Cardio, or resistance? That is the question… Or so the traditional world of training would have you believe.

But no, that is not the only question. This either/or mentality is archaic, because another question is entirely possible: Cardio and training?

And the answer? Sure, why not! Here’s how to combine the two for a more effective workout.

For many years, the status quo maintained that combining cardio training and resistance training (aka strength training) would diminish the returns of the latter. This belief was due to research published on the topic. The problem, however, is that the research was carried out on rats.

Surprisingly, humans respond differently to the combination of cardio and resistance training. Recent studies show that it may even be more beneficial than separate cardio and strength workouts, provided that they’re planned correctly, of course.

How do I combine strength and cardio?

By hitting it hard with HIIT! High Intensity Interval Training, or HIIT for short, is your go-to cardio-and-strength combo workout. Not only does HIIT maintain and build muscle, but it’s also the best way to burn calories and shed fat. In fact, a 10-minute HIIT routine can burn as many calories as a 30-minute treadmill session.

So, what does a HIIT workout look like? It’s made up of alternating intervals of more intense activity, where you push yourself to 80% of your max output, and less intense activity, where you recover at 40% of your max output. HIIT’s a versatile blueprint you can apply to running, rowing, cycling, swimming, explosive jump squats, or burpees!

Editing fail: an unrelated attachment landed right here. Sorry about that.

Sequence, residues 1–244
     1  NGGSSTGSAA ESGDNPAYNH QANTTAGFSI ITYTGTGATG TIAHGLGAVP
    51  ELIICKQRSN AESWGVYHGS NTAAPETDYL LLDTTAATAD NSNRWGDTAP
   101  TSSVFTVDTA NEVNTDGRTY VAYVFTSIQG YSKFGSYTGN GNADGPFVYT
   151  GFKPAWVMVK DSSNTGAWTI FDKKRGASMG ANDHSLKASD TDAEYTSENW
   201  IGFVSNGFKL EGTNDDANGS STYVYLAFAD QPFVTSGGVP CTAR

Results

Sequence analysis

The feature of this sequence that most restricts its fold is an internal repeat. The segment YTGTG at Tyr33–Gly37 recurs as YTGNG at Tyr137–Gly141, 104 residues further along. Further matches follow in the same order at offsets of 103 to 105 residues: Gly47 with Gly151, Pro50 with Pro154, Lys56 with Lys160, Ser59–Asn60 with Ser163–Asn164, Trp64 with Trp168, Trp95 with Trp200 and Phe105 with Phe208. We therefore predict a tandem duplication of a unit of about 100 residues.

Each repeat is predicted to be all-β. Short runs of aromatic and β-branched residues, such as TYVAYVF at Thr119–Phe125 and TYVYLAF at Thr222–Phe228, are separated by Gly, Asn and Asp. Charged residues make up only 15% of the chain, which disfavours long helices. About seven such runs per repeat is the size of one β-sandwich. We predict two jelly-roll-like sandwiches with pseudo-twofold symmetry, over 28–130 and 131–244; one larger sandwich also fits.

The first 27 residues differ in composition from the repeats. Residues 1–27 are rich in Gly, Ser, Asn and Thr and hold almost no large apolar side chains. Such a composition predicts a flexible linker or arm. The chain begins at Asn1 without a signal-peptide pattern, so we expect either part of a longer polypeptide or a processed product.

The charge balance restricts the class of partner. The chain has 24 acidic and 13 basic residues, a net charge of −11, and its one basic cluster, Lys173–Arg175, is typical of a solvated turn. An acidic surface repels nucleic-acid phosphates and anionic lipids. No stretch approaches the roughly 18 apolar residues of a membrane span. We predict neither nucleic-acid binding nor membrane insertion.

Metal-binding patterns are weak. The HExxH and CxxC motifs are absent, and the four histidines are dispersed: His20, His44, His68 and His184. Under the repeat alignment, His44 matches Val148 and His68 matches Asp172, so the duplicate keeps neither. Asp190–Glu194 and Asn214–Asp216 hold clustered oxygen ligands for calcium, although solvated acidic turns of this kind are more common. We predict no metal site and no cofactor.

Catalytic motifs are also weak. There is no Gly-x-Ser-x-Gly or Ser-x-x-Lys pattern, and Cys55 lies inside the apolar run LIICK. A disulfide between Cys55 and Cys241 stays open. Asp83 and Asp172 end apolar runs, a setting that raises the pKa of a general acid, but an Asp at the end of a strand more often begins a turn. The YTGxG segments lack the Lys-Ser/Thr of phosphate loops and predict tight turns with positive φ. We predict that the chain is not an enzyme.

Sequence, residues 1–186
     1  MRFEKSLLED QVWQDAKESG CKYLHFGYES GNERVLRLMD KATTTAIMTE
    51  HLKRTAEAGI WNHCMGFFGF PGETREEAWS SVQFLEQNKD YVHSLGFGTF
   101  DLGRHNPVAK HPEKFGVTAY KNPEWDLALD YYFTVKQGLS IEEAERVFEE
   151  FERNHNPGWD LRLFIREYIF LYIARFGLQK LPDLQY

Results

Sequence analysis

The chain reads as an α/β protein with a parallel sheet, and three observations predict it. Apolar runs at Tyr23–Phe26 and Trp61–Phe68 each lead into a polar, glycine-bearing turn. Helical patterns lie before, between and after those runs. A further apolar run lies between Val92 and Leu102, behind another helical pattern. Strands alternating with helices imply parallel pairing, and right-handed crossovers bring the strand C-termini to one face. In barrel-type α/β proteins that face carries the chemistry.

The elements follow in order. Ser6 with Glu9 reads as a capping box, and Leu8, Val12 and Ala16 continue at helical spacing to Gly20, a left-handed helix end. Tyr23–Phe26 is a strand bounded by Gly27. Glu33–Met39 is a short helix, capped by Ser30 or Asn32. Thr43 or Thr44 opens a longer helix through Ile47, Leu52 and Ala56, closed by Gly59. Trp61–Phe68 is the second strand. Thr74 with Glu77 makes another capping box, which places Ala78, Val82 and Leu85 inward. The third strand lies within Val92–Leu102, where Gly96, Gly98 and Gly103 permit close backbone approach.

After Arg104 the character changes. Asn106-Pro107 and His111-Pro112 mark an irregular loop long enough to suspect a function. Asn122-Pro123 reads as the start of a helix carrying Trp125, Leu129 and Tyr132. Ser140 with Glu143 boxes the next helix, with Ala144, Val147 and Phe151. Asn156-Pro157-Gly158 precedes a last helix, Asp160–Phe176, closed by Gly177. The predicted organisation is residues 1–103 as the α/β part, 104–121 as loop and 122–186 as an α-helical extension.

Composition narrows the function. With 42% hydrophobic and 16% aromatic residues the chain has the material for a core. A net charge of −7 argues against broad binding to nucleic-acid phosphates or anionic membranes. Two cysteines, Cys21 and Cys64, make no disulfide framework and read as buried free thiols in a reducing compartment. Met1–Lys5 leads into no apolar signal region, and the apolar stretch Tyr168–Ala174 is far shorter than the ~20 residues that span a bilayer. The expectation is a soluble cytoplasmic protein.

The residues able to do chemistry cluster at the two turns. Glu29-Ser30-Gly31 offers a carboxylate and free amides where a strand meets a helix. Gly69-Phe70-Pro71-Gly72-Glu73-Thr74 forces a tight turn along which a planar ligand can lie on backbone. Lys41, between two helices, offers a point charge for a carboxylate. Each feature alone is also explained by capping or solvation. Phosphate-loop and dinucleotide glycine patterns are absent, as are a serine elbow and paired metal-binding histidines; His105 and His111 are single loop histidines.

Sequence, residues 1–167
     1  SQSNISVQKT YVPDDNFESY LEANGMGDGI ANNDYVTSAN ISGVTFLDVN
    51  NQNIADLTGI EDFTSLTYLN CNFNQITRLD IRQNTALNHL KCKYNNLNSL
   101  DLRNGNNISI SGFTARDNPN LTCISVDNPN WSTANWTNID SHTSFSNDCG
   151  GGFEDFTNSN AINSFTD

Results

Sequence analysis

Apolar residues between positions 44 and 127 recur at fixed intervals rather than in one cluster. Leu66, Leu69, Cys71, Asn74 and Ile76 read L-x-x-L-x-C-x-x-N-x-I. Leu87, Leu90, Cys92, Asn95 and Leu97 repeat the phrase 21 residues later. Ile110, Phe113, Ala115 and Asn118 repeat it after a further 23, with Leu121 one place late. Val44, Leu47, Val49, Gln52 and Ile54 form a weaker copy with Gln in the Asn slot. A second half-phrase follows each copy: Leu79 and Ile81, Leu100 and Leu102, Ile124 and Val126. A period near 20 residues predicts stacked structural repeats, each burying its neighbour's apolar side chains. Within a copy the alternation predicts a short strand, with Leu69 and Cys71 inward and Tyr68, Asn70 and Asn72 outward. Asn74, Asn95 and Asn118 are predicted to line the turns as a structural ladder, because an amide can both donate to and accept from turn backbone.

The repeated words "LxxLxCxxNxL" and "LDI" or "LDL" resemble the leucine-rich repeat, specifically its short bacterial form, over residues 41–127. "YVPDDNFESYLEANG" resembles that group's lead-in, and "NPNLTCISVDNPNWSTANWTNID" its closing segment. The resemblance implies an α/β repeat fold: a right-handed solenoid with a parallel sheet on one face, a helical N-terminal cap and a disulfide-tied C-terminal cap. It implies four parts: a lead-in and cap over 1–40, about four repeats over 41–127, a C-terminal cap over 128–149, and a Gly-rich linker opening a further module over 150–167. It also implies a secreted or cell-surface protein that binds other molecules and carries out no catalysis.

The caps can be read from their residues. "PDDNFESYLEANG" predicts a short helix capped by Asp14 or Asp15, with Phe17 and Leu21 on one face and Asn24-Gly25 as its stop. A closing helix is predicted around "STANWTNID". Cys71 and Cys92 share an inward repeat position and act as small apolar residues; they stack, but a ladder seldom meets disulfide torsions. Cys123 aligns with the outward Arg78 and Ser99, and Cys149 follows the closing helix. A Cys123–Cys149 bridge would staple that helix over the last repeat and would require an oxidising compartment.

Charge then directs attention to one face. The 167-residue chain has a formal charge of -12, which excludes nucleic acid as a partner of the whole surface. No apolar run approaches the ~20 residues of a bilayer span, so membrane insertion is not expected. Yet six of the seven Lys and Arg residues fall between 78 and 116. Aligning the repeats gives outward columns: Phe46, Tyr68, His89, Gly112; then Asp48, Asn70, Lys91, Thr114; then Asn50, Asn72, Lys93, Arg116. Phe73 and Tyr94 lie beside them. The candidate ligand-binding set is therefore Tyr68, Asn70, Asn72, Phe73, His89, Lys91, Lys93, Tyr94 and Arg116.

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Resistance, then cardio

This style of combining cardio and strength training is similar to HIIT. First, you perform a standard resistance workout, using weights or simply your body weight. Then you follow that up with a short burst of intense cardio.

For the strength component of the workout, go with a heavy, low-rep set of weighted repetitions, known as powerlifts. Perform squats, deadlifts, bench presses, strict presses, and rows. Aim for 3-5 reps for five sets. Generally, I do deadlifts, bench presses, and rows in one workout; and squats and strict presses in another.

Following your resistance training, smash out a 15-20-minute cardio workout. Or, even better, a HIIT workout! Just listen to your body. Don’t push yourself so hard that you burn out and never want to return to the gym. And never work through pain.

What will work best for me?

Focus on either muscle and strength gain, or fat loss and cardio. If you want to get ripped for that summer six pack, choose an all-out HIIT workout with explosive repetitions. If you want to increase muscle mass and strength, a resistance routine followed by a cardio or HIIT burst will produce better results. This, of course, accounts for the fact that following a resistance routine, your HIIT workout won’t yield peak performance.

Another option is simply to separate cardio and strength routines. But you can still have both in one day. Just perform one in the morning, and the other after work. My ideal routine is a 15-20-minute HIIT workout before work, and then a longer resistance workout after.

Whatever combination you decide on, take it slow to start off. Gradually increase your weights, reps, and intensity — and most of all, listen to your body. Now, go get those abs!

Disclaimer: This information isn’t a substitute for professional medical advice, diagnosis, or treatment. You should never rely upon this article for specific medical advice. If you have any questions or concerns, please talk to your doctor.

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